Influence Maximization in Social Networks When Negative Opinions May Emerge and Propagate
Proceedings of the Sixth Conference on Uncertainty in Artificial Intelligence, Boston, MA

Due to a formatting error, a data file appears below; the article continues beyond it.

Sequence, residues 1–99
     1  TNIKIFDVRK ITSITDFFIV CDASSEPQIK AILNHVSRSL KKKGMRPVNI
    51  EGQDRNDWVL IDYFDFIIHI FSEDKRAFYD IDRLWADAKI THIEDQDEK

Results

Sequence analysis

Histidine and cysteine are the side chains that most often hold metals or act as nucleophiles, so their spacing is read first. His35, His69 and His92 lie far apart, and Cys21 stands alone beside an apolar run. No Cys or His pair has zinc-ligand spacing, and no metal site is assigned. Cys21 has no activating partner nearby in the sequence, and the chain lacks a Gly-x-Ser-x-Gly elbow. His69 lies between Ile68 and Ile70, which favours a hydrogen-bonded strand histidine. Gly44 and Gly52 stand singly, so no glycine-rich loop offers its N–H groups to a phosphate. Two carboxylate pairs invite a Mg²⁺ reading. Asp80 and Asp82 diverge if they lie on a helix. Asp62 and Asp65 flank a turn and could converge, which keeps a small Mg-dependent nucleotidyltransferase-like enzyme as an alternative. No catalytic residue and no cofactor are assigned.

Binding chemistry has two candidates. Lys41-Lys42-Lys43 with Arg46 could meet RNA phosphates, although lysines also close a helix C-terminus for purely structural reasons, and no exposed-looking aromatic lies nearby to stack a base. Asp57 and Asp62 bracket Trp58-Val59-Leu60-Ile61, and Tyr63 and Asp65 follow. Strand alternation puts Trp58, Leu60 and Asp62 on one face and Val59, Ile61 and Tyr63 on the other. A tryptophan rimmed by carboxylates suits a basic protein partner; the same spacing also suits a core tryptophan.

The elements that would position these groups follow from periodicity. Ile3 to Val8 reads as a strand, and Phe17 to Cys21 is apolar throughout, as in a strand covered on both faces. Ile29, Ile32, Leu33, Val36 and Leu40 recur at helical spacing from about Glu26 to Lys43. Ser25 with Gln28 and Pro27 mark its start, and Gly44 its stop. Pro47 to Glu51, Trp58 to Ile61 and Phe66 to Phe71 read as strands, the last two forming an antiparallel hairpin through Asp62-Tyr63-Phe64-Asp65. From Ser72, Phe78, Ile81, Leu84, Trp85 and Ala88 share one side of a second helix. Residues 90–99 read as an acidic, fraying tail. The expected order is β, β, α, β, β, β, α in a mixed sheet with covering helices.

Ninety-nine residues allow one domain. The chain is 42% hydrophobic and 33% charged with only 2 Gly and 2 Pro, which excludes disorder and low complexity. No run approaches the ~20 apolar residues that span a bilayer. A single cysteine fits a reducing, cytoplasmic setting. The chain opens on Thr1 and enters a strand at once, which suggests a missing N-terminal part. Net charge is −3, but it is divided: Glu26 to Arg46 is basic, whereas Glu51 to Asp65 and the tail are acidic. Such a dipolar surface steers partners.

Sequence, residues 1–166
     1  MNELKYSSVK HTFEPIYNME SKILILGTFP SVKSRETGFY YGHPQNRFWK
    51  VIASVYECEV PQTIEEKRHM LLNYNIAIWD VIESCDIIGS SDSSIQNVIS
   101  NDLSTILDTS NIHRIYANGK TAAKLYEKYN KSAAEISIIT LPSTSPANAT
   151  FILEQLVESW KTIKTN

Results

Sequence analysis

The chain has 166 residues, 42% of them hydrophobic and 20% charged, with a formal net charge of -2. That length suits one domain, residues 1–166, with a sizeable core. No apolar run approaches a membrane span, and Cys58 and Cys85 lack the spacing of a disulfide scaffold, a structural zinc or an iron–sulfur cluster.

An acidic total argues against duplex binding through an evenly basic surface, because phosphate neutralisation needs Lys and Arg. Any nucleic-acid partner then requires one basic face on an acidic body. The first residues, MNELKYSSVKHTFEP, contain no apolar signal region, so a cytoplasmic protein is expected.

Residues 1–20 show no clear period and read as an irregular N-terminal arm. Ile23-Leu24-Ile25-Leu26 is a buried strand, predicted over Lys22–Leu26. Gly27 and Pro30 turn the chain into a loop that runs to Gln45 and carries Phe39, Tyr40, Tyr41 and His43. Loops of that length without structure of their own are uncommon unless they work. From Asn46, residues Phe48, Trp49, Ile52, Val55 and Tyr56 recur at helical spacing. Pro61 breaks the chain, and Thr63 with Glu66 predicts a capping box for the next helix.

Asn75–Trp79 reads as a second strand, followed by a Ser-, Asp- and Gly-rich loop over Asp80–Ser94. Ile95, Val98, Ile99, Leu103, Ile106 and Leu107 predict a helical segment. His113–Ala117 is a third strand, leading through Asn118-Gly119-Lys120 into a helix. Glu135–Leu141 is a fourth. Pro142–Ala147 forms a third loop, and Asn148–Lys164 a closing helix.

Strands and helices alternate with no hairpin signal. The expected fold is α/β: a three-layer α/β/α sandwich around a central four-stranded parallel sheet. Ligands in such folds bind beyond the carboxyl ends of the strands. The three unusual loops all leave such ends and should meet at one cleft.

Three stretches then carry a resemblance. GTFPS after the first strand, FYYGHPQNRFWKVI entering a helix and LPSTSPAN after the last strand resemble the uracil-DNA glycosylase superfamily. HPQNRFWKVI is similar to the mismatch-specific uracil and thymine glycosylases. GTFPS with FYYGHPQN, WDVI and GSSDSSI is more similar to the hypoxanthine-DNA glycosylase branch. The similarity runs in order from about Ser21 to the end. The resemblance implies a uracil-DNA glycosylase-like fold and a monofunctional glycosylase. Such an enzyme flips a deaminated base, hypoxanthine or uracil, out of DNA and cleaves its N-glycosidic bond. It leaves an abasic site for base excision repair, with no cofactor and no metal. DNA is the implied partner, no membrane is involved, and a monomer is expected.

Influence maximization, defined by Kempe, Kleinberg, and Tardos (2003), is the problem of finding a small set of seed nodes in a social network that maximizes the spread of influence under certain influence cascade models. In this paper, we propose an extension to the independent cascade model that incorporates the emergence and propagation of negative opinions. The new model has an explicit parameter called quality factor to model the natural behavior of people turning negative to a product due to product defects. Our model incorporates negativity bias (negative opinions usually dominate over positive opinions) commonly acknowledged in the social psychology literature. The model maintains some nice properties such as submodularity, which allows a greedy approximation algorithm for maximizing positive influence within a ratio of 1-1/e. We define a quality sensitivity ratio (qs-ratio) of influence graphs and show a tight bound of Θ(√n/k) on the qs-ratio, where n is the number of nodes in the network and k is the number of seeds selected, which indicates that seed selection is sensitive to the quality factor for general graphs. We design an efficient algorithm to compute influence in tree structures, which is nontrivial due to the negativity bias in the model. We use this algorithm as the core to build a heuristic algorithm for influence maximization for general graphs. Through simulations, we show that our heuristic algorithm has matching influence with a standard greedy approximation algorithm while being orders of magnitude faster.